SINGAPORE - Singapore has tumbled from its top spot as the world's most competitive economy to fifth place, but remains Asia's top performing economy.
The Republic ranked first in the past two years of the Institute for Management Development (IMD) World Competitiveness Ranking, whose latest list was released on Thursday (June 17).
IMD is based in Switzerland and Singapore.
Switzerland topped the league table, followed by Sweden, Denmark and the Netherlands.
IMD said: "Singapore managed to top the economic performance factor, one of four factors in the ranking, but fell to ninth in global business efficiency and 11th in global infrastructure.
"It ran into problems with job losses, lack of productivity and the economic impact of the pandemic. Similar to other countries that declined, Singapore experienced a shrinkage in its economic activity, in particular, a sharp decline in employment growth, and a sizeable worsening in public finances due to an increase in both government deficit and public debt."
But Singapore did well with international trade and technological infrastructure, ranking first in both, IMD said.
It also ranked highly in international investment and business legislation.
IMD said Singapore's physical geography worked against it in the 2021 rankings.
"Geography has played a pivotal role for some economies and while Singapore has done everything correctly, its physical geography has caused it to work harder than other economies and therefore it fell in the rankings."
Minister for Trade and Industry Gan Kim Yong said: “IMD’s ranking shows that we are facing increased global competition and Singapore cannot afford to stand still or take our economic competitiveness for granted. We must continually strive to provide an environment where businesses can thrive and create good jobs for our people. We must also remain an open and connected hub for global businesses and talent.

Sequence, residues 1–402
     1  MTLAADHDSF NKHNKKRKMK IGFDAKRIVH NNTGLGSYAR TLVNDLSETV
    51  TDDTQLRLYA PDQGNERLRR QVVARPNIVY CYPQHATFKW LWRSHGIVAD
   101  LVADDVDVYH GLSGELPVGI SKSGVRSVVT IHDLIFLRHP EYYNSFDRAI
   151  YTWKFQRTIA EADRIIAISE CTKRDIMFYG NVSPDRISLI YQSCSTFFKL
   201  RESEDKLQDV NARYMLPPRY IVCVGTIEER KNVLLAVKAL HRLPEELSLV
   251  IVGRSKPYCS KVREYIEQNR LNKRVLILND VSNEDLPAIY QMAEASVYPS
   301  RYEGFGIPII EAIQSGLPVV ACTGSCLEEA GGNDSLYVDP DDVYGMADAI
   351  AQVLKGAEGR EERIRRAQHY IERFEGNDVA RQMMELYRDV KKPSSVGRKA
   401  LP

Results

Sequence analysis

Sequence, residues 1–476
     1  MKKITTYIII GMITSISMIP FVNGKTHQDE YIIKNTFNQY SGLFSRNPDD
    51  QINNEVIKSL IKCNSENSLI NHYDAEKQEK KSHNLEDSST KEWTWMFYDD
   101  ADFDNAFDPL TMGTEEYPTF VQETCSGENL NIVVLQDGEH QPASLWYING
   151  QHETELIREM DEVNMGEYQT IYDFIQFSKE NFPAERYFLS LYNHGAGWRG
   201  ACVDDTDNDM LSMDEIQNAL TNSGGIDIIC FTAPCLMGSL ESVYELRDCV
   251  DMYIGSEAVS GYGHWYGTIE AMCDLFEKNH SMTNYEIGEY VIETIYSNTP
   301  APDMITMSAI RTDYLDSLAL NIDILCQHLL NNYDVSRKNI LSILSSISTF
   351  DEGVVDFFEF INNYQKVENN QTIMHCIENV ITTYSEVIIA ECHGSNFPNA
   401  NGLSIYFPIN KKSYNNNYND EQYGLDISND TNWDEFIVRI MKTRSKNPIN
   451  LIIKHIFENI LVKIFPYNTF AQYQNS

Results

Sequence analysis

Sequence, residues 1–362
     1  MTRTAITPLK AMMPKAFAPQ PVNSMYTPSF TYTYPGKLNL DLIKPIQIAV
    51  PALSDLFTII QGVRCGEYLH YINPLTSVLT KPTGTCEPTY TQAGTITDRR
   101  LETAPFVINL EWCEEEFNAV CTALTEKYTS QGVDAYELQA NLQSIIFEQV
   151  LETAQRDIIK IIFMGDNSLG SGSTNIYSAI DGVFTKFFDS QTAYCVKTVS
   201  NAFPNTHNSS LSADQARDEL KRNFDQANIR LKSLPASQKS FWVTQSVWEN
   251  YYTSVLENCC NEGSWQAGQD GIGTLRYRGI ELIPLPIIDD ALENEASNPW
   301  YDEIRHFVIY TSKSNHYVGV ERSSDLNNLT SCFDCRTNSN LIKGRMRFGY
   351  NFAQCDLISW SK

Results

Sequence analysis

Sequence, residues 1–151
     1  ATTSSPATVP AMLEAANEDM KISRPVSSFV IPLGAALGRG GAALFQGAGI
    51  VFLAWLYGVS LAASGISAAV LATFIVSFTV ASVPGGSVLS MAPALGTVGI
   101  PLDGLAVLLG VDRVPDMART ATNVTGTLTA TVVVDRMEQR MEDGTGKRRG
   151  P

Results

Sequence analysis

"Singapore businesses must be able to seek out new opportunities and transform. Workers have to constantly upskill to remain relevant. The Government will review IMD’s report and enhance our competitiveness."
The IMD World Competitiveness Ranking ranks 64 economies, by measuring economic well-being through statistical data and survey responses from executives.
IMD said: "The report finds that top-performing economies are characterised by varying degrees of investment in innovation, diversified economic activities and supportive public policy.
"Strength in these areas prior to the pandemic allowed these economies to address the economic implications of the crisis more effectively."
Among Asian economies, China made the biggest leap up the ranks to 16th place, IMD said.
Mr Arturo Bris, director of the World Competitiveness Centre, which produces the ranking, said: "China, by continuing reducing poverty and boosting infrastructure and education, strengthens the possibility of advancing in the rankings."
Malaysia, ranked 25th, was also one of the economies that rose in competitiveness, thanks to improvements in the business efficiency of its private sector and relatively healthy public finances despite the disruption brought by Covid-19, IMD said.
Meanwhile, Hong Kong ranked seventh because of slight declines in economic performance, business efficiency and infrastructure, but remained in the top spot in government efficiency.
The Philippines also fell in the ranking to 52nd, driven by a deterioration in several indicators related to the domestic economy, the job market, public finances and the productivity of firms in the private sector.
Overall, the report found that innovation is the bedrock of long-term performance, with education and other factors driving both a productive workforce and research.
Singapore, Switzerland and the Nordic economies do well in this aspect, it said.
Digitally advanced economies that have seamlessly transitioned to work-from-home arrangements have also thrived compared with their peers, it added, with Singapore leading in this area.
IMD said: "The global trends seen in the rankings show the importance of innovation, digitalisation of the economy, welfare benefits and social cohesion.
"Competitive economies succeeded in transitioning to a remote work routine while also allowing remote learning. Addressing unemployment has been fundamental."